assessment education PhD physiotherapy teaching

Challenging students’ conceptual relationships in clinical education

I just wanted to share a thought while preparing our case notes for the Applied Physiotherapy module we’re developing. One of the designers made a note of the “guideline answers” for facilitators to some of the questions that we might use to trigger students’ thinking. I wrote the following as a comment and didn’t want to lose it when the document is finalised, so I’m putting it here.

“I think we should make sure that, in addition to the ‘answers’, we should identify the main concepts we want students to understand. Remember that we’re using our paper patient (i.e. the case) as a framework for students to learn about concepts. Then, they apply those concepts in the real world to patients. They reflect on those real-world interactions and identify dissonance between their experienced reality (the patient contact) and their abstract conceptions of reality (how they originally conceived of the patient contact). After the patient contact, they feed back to their small groups and facilitators, who together help students create new relationships between concepts. So, in short, the clinical concepts are learned initially through the paper patient, tested in the real world with an actual patient, discussed online (maybe) and then brought back to the classroom for further reflection and refinement. The next week they are exposed to new concepts that build on their previous experiences, and then they get to test those abstractions in the real world again.”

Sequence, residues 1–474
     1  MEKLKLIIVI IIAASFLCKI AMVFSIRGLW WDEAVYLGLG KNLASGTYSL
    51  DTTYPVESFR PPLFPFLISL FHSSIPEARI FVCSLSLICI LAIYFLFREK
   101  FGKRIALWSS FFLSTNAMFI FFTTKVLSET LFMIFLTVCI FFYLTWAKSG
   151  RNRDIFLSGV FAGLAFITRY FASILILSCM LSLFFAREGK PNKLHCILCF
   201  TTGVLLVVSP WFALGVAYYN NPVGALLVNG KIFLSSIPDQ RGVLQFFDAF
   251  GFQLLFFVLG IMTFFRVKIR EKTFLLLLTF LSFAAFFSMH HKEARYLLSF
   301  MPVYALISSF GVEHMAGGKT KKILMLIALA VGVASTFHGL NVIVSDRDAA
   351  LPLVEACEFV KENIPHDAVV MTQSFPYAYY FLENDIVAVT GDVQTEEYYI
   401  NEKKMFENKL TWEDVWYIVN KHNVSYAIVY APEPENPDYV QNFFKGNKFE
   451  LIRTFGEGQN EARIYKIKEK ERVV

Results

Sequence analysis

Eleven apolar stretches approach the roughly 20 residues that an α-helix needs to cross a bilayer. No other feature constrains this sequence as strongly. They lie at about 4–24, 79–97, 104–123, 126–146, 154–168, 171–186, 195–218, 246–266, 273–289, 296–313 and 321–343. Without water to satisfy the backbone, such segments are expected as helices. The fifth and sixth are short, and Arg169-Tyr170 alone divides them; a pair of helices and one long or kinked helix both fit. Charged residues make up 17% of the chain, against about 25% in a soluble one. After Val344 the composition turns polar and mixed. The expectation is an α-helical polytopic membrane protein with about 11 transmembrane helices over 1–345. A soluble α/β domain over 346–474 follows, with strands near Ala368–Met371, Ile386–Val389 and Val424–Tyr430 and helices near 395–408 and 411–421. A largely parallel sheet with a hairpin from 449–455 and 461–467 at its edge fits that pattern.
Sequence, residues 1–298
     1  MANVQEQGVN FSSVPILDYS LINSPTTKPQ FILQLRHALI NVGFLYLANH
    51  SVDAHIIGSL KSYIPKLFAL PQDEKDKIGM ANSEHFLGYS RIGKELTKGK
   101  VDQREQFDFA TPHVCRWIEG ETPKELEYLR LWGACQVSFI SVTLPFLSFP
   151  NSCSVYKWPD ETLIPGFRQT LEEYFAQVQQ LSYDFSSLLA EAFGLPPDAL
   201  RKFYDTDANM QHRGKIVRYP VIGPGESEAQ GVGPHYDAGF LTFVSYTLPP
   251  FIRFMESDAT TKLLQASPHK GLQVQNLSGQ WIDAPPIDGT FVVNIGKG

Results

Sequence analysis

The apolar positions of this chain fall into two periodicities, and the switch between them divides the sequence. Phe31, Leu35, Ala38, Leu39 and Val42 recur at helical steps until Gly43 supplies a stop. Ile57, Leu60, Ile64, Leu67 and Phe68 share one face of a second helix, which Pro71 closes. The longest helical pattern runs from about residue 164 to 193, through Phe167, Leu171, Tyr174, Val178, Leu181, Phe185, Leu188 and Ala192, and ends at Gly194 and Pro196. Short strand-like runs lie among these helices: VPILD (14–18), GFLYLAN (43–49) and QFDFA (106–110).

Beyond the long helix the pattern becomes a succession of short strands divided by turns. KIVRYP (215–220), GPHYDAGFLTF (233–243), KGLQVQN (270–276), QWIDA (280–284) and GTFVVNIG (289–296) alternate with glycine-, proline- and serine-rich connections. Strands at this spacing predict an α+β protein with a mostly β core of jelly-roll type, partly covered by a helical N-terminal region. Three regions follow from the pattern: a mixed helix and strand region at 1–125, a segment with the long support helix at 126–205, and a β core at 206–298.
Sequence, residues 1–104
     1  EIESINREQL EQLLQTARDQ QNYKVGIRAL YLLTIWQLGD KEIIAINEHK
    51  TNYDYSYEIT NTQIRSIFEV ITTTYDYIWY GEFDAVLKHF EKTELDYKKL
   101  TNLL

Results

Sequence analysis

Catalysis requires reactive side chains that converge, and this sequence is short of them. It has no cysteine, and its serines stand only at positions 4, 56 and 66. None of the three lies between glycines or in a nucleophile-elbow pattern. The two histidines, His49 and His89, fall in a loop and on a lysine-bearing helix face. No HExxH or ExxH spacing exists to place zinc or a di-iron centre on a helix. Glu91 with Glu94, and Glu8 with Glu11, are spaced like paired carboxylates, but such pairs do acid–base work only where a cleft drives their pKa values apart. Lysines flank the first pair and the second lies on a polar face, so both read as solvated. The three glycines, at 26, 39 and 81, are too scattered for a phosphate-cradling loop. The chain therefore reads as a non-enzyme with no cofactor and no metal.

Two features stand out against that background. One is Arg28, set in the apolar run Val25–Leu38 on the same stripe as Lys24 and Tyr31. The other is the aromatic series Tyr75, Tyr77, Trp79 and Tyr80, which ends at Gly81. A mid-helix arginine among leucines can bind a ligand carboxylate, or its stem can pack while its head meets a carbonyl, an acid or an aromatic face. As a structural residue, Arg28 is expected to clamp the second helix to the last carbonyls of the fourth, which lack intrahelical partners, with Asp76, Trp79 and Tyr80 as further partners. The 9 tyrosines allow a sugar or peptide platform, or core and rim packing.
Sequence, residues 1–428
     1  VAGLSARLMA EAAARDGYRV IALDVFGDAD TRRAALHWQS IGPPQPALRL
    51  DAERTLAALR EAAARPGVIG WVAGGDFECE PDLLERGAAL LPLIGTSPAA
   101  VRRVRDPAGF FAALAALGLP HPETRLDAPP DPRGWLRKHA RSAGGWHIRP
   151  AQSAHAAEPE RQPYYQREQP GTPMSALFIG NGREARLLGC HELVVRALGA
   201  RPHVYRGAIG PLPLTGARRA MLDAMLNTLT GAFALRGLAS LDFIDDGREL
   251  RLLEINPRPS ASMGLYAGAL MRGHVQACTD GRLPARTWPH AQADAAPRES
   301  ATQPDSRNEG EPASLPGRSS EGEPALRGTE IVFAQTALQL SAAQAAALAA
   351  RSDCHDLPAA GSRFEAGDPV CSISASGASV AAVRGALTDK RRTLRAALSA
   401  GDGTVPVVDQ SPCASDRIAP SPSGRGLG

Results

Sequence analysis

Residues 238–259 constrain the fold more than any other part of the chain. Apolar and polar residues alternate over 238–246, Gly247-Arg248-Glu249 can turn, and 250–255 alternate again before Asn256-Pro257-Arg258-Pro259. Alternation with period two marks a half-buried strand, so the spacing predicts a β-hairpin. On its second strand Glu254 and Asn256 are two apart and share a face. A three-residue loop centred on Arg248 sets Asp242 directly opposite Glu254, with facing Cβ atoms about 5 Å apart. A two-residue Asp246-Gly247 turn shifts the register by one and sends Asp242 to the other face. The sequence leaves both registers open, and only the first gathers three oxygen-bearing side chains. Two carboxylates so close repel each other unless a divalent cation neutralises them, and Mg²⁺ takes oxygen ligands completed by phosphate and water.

I’m trying to take an intentional approach to using Laurillard’s conception of academic learning that I’m exploring in “Rethinking University Teaching”

By Michael Rowe

I'm a lecturer in the Department of Physiotherapy at the University of the Western Cape in Cape Town, South Africa. I'm interested in technology, education and healthcare and look for places where these things meet.